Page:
Competence drives satisfaction. We like what we are good at, and we shy away from things we think we are not good at. Car mechanics, baking pies, volleyball, spreadsheets, public speaking, settling a fussy baby, higher math – it doesn’t matter what it is – if we have had some experience and success doing it, we are much more likely to rate it as a positive way to spend our time. Homemaking works the same way.
|The girls at a camp I helped with this week participated in a Life Skills activity – they circulated around to several stations and learned something about several practical skills. “Meal Planning” involved cutting out pictures from a grocery store sale flyer and pasting them on paper plates to represent their choices for healthy, balanced meals for one day. Eventually they will be doing this for real, so it makes sense to be learning about it before they have the responsibility.
Competent homemakers used to be highly esteemed but then the biggest lie of feminism, that service was demeaning, helped them fall far out of fashion for a few decades. I have hope, however, that some in our society are waking up to the reality that homemakers contribute more to life satisfaction than just about any other profession. If Pinterest is a social barometer, there are an awful lot of people out there who appreciate handcrafted items, an organized pantry, a homey casserole, and even aprons! Maybe the lousy economy is helping us realize that living in big houses where nobody ever cooks or cleans and everybody runs from one expensive pastime to another may not be a sustainable way to live. Maybe we are just collectively longing for real homes, where people do nice things for each other, where good smells welcome us in from the big, bad world outside, and where we can spend time together in pleasant surroundings instead of chaos.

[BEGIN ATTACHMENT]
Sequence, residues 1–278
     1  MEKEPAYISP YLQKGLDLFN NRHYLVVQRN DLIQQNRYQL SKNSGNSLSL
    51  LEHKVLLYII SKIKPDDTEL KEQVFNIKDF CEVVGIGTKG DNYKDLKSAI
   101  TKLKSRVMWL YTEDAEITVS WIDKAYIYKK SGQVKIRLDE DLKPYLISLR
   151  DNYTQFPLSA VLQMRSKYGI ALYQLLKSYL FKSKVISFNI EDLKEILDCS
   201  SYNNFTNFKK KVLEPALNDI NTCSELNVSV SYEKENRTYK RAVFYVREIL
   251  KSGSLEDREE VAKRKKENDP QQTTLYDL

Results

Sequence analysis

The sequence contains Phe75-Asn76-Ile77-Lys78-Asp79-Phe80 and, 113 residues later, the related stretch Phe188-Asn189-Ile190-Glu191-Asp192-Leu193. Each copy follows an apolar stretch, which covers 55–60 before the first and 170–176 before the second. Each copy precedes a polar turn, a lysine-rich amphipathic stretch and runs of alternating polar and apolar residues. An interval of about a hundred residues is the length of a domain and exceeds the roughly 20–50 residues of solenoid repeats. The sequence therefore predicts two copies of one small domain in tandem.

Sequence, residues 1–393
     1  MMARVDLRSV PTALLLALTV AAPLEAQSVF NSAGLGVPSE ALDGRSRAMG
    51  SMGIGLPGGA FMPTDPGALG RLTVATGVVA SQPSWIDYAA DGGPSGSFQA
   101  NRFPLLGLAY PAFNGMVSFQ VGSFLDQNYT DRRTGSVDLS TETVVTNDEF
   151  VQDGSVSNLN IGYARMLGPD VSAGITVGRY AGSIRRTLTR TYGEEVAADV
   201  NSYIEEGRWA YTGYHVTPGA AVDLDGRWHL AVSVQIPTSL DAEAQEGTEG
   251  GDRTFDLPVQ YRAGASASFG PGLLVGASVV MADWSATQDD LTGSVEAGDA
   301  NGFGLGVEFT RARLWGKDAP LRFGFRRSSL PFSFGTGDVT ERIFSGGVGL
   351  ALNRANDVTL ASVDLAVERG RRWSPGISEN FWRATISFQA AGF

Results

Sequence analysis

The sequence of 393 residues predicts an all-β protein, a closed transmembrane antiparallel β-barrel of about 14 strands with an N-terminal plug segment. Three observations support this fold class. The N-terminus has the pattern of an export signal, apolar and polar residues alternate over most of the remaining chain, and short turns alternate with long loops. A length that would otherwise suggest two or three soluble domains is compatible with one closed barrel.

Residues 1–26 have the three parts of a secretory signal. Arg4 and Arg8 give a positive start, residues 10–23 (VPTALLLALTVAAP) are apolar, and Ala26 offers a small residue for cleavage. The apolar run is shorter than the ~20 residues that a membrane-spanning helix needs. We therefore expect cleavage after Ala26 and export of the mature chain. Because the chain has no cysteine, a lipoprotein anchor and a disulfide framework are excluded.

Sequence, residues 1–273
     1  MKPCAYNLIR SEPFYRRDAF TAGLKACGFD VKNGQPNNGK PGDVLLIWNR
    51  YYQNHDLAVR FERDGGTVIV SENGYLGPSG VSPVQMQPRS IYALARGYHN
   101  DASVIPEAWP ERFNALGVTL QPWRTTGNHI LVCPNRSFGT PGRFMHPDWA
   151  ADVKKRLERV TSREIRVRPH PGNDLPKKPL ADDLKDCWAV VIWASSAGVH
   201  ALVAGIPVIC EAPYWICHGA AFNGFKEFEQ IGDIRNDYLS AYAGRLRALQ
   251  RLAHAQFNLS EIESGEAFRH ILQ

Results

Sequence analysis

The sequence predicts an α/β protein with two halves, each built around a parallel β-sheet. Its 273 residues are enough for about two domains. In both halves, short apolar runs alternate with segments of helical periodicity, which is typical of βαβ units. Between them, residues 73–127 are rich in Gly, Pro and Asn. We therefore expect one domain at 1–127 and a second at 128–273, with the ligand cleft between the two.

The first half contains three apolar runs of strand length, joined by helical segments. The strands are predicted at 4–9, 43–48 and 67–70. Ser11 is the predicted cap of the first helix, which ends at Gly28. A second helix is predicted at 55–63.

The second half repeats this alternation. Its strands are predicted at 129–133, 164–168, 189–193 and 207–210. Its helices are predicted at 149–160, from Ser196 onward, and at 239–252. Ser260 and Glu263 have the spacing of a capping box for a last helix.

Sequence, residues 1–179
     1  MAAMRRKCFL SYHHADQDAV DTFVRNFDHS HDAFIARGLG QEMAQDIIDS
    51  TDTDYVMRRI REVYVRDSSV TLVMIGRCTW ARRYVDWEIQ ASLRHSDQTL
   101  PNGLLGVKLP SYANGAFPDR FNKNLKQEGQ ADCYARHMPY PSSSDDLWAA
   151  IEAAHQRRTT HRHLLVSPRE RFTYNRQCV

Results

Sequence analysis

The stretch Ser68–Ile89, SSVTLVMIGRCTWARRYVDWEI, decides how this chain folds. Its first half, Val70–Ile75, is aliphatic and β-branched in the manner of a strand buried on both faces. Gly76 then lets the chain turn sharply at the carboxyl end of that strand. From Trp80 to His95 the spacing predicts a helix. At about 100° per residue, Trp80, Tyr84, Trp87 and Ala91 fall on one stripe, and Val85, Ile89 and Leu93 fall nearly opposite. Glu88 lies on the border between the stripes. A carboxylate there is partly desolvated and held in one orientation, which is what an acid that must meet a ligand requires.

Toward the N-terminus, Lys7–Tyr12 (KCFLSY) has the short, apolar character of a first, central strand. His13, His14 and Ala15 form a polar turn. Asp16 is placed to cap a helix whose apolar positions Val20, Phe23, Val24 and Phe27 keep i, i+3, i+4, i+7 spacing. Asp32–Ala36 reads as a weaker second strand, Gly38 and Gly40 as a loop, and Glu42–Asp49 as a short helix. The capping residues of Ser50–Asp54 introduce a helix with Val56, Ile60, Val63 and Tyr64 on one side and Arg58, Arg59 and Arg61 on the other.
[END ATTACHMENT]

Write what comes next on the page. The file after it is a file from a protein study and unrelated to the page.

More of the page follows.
I am acquainted with more and more young women (and some older ones) who want to make homes instead of building a resume of only paid employment. They see the value in homemaking, but there is often a great big barrier to overcome: they have no idea what they are doing. It is easy to see why – they are the daughters and granddaughters of women who gladly and often thoughtlessly exchanged their rolling pins for Mrs. Smith’s frozen pies and their flexible time, which allowed them great scope for self-direction in meeting others’ needs and
personal growth, for a rigid work-week schedule and weekends crammed full of trying to accomplish everything at home that was neglected the other five days, which didn’t work very well, of course, so mostly they just stopped accomplishing it.
An awful lot of knowledge was lost in just a generation or two, and would-be homemakers of today are feeling the effects when they look around their apartments and houses and wonder what they should be doing with themselves. Most have worked fulltime elsewhere for some time before they “come home,” and often a major life-change accompanies their decision – marriage, a new baby, a move to a new location. There is a lot to adjust to and a steep learning curve to navigate. Everything seems so hard – all those appliances to figure out and I-can’t-even-chop-an-onion-without-nearly-amputating-a-finger and the-clean-laundry-smells-funny and how-long-can-I-keep-ground-beef-before-it-goes-bad and why-does-it-take-me so-long-to-clean-the-house and surely-I-should-have-more-to-show-for-my-day.